Youth suicide: ’Fight the cruelty of stigma’

 

Health experts are encouraging conversations around mental health, urging people to check in on each other amid coronavirus restrictions.

Today is both R U OK? Day and World Suicide Prevention Day.

Mum Kim Edgar knows the pain of losing a loved one to suicide - her son, Daniel Henderson, died in August 2018, aged just 17.

Kim with Daniel's dog Bella. Kim Edgar lost her teenage son Daniel to suicide last year, and knows the shortfalls of the region's mental health system. Picture: Alan Barber
Kim with Daniel's dog Bella. Kim Edgar lost her teenage son Daniel to suicide last year, and knows the shortfalls of the region's mental health system. Picture: Alan Barber

Five male secondary students in the Geelong region died by suicide in the four months to mid-June this year.

A coroner is investigating the five deaths as a group.

Ms Edgar has become a passionate advocate for mental health since her son's tragic death, and is in contact with a number of the mums who have lost their boys this year.

"It's just devastating for our region, it really does affect the whole community," Ms Edgar said.

She urged the community to "actively fight the cruelty of stigma". "Ask people if they're OK and really listen," Ms Edgar said.

Jigsaw Corio psychiatrist Dr Bo Egan said it was important to know anyone can start a conversation with someone who may be struggling - you don't need to be a professional.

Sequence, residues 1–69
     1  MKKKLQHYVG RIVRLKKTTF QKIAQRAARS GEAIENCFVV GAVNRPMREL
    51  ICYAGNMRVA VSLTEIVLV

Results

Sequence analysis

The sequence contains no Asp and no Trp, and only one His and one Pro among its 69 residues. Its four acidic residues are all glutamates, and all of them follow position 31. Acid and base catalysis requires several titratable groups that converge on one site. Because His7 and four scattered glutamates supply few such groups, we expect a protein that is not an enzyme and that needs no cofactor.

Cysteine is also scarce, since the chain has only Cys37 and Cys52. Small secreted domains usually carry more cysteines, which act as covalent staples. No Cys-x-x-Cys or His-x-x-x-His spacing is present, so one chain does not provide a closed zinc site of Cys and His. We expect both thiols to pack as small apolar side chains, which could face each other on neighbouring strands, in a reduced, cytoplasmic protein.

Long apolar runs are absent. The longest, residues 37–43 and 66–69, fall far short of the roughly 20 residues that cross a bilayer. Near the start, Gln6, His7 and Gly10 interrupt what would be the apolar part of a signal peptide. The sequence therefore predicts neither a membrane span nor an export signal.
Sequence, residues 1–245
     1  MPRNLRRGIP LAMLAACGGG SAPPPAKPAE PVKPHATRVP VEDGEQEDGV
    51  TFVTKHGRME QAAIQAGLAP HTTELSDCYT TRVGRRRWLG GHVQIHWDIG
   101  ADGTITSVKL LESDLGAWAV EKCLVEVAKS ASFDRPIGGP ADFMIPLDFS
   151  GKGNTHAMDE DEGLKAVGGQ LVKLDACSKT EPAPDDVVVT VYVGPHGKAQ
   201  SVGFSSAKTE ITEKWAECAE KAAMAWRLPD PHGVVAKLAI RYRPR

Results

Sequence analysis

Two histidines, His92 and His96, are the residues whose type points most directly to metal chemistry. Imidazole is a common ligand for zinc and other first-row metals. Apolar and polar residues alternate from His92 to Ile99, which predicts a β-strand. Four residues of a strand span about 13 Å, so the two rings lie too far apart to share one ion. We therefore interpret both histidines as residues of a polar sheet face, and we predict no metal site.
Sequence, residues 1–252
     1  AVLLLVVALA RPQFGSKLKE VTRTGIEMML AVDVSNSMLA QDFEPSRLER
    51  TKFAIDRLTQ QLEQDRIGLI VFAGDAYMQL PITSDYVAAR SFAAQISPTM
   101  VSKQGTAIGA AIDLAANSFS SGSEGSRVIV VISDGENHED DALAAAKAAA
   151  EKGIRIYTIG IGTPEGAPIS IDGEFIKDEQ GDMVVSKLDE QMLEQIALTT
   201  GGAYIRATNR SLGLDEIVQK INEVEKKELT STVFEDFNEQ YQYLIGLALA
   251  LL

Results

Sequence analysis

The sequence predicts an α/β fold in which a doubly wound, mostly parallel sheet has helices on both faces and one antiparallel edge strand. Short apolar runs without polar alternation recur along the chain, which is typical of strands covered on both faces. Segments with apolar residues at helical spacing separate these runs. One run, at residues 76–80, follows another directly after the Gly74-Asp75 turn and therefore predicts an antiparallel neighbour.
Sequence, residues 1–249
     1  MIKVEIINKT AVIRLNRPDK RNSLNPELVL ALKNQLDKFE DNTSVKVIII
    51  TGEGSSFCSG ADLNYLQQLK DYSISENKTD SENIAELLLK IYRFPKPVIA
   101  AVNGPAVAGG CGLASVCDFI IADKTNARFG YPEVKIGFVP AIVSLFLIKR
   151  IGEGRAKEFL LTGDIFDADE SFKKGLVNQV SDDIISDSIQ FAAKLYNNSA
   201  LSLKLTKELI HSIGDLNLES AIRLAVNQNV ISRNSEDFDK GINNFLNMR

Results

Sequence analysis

"Although it may not be easy talking to someone about their mental health, letting them know that you are there to listen can have a positive impact," Dr Egan said.

"It could create an opportunity for a young person to feel comfortable enough to seek help, if needed.

"To help facilitate a conversation, you might consider an environment where the person feels comfortable and relaxed.

"Be mindful that some people may feel more comfortable to have a chat online or through social media rather than face-to-face.

"Rather than starting the conversation with a list of concerns, start with a simple question like 'Are you OK?'"

Dr Egan said R U OK? Day and World Suicide Prevention Day were even more important this year.

"This event provides an opportunity to have discussions with young people and check on how they have been doing in light of so many of the challenges that have occurred this year," he said.

"Talking about suicide is challenging for everyone, however raising awareness about youth mental health and suicide is important and is something that everyone in the community can participate in."

"With the limits in social connection, it is more important now than ever to check up on one another.

"Feeling connected may be what's needed to help someone get through a difficult time in their life." Barwon Child, Youth and Family CEO Sandy Morrison reminded the community help is available.

"It is crucial to remember to reach out not only on R U OK? Day, but every day, and to be prepared that, if the answer to 'R U OK?' is 'no', to listen with an open mind, encourage action, and to check in after the initial conversation," he said.

 

 

 

 

 

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Originally published as 'Fight the cruelty of stigma'



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